Play then proceeds with the dictionary going to another player, which starts a new turn. A full circuit of the dictionary constitutes a round.
Often simple words (Strunt) are more successful than complicated words with detectable Latin roots.
Phrases like "Any of several..." or "One or more..." sometimes lend authority to definitions. Players may decide beforehand whether fields are to be included: "(obsolete), (Geology), (dialect)," etc. The dictionary might be passed around first, to remind players of its characteristic style.
Other versions of the game 
The board games Balderdash, Dictionary Dabble, Flummoxed, and Weird Wordz are based on Fictionary. In one round of the board game Derivation, players describe or fabricate a word's etymology; players who provide a correct etymology receive one point for doing so, but their entries are then removed from play, and they lose their chance to receive multiple points by drawing multiple votes from other players. Similarly, in the board game Wise and Otherwise, the Picker randomly chooses a quotation and reads the beginning, and other players try to create realistic endings to the quotation.
In the UK, Call My Bluff was a popular daytime BBC television panel game based on Fictionary. Two teams of three players (journalists, B and C list celebrities, etc.) compete. A player from one team has to decide between the three proposed definitions provided by the opposing team. If the first player correctly identifies the true definition of the word, they earn their team a point. If they are wrong, the team which provided the definitions are awarded the point. Call My Bluff was first aired in October 1965, with Robin Ray as chair. Presenter, Robert Robinson, chaired it for many years. As of 2003[update] the programme was chaired by Fiona Bruce.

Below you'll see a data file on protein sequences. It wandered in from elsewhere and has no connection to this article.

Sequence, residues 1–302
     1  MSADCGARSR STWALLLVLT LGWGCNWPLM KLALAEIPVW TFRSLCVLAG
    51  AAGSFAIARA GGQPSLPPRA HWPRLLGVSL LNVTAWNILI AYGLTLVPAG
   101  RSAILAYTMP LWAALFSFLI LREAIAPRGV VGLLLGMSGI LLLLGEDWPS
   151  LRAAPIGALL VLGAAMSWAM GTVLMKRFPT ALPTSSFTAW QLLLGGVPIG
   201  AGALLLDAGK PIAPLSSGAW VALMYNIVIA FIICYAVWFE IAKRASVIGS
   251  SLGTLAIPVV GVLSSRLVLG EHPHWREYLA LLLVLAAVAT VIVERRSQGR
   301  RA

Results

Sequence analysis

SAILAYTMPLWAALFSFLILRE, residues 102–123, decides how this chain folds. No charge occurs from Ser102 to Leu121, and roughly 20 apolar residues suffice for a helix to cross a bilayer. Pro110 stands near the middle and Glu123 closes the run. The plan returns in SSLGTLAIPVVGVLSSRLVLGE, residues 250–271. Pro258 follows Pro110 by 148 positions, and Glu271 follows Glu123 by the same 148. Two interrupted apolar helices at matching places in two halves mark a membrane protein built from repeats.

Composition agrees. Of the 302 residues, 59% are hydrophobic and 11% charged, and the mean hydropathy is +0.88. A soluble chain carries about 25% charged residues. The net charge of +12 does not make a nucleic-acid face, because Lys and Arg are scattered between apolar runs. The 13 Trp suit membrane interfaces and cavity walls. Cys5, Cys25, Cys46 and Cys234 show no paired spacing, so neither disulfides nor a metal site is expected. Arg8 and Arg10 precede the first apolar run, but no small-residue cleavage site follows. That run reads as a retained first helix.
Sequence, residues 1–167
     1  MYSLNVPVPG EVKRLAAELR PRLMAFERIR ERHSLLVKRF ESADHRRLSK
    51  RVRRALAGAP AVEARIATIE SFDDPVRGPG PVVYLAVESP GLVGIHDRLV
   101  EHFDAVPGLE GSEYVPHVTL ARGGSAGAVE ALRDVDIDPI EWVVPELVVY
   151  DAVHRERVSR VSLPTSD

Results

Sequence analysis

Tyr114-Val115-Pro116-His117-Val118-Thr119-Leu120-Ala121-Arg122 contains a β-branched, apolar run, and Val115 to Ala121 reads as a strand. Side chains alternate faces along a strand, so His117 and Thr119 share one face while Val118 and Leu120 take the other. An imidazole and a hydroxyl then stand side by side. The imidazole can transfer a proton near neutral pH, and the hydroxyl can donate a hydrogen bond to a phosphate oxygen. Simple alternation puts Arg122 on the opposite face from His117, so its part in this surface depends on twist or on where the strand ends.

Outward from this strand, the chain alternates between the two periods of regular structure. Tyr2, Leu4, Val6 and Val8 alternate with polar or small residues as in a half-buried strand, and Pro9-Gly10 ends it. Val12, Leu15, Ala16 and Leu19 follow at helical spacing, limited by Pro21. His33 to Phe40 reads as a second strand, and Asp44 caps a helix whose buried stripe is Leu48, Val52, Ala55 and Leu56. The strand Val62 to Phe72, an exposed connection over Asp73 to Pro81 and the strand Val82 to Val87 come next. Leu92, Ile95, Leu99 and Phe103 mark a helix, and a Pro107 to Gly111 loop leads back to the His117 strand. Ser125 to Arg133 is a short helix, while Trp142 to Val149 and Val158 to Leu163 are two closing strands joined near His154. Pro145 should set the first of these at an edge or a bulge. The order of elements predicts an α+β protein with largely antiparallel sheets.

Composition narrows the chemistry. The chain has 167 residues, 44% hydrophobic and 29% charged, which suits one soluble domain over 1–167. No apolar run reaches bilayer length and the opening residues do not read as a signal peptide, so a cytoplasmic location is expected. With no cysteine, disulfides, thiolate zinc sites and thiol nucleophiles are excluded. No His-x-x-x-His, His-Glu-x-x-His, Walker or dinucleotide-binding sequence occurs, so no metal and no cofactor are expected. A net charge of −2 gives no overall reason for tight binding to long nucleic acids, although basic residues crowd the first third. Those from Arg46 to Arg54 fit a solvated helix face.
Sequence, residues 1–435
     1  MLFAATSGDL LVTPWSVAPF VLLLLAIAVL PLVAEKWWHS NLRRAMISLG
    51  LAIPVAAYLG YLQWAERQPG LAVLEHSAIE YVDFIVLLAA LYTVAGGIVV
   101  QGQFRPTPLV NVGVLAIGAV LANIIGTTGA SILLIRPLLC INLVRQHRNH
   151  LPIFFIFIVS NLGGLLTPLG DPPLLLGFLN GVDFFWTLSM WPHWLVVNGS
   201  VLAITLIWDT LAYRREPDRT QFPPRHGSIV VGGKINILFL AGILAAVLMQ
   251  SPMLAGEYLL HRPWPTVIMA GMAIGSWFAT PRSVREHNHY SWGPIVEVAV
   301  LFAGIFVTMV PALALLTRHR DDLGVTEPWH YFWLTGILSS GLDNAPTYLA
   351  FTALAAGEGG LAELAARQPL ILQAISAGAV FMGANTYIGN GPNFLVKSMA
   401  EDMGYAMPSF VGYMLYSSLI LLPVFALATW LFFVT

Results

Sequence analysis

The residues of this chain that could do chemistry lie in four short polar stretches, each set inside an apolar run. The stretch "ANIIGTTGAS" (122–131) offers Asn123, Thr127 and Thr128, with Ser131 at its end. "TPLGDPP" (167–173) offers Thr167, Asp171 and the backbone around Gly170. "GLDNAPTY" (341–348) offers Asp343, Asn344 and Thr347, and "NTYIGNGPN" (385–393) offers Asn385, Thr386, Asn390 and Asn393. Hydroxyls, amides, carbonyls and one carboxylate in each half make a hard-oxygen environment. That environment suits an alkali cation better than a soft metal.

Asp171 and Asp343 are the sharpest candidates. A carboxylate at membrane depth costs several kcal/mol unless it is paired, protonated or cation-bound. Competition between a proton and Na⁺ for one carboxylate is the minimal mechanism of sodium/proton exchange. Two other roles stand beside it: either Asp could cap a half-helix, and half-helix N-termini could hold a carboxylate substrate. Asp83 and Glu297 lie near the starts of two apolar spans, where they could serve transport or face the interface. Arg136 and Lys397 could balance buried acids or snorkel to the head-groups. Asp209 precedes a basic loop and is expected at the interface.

In Japan, Tahoiya (たほいや) featured the game under the same name. The 30 minute late night game show aired on Fuji TV in 1993, and was rebroadcast on Fuji TV 739 satellite channel in 2008. Tahoiya, originally meaning "a cabin used for boar hunting", was one of the chosen words in early game play.
One variation uses a book of assorted poems instead of a dictionary. A rhyming quatrain is chosen by the picker. The first three lines are read and a fake fourth line must be made up by the other players which acts like the fake definitions.
Another variation asks players to write the first line of a novel using the title and the blurb read out from the back of the book as clues.
A variety of Fictionary called Dixonary has been on-line for 2,300 rounds, for the first fifteen years on CompuServe in its Tapcis Forum. It is believed that this game is the longest-running on-line game, having begun July 4, 1989. At the end of May, 2005, the game moved to tapcis.com when CompuServe disconnected the forum. Since May 2007 it is played on the Dixonary Google Group but is also accessible at tapcis.com.
- "Oxford Dictionaries Word Games". AskOxford.com. Oxford University Press. 2008.
- Sachs, Lisa Roy; Patty Sachs (1997). Pick A Party. Meadowbrook. p. 45. ISBN 0-671-52123-3.
- Bruno Faidutti's Ideal Games Library describes other variants.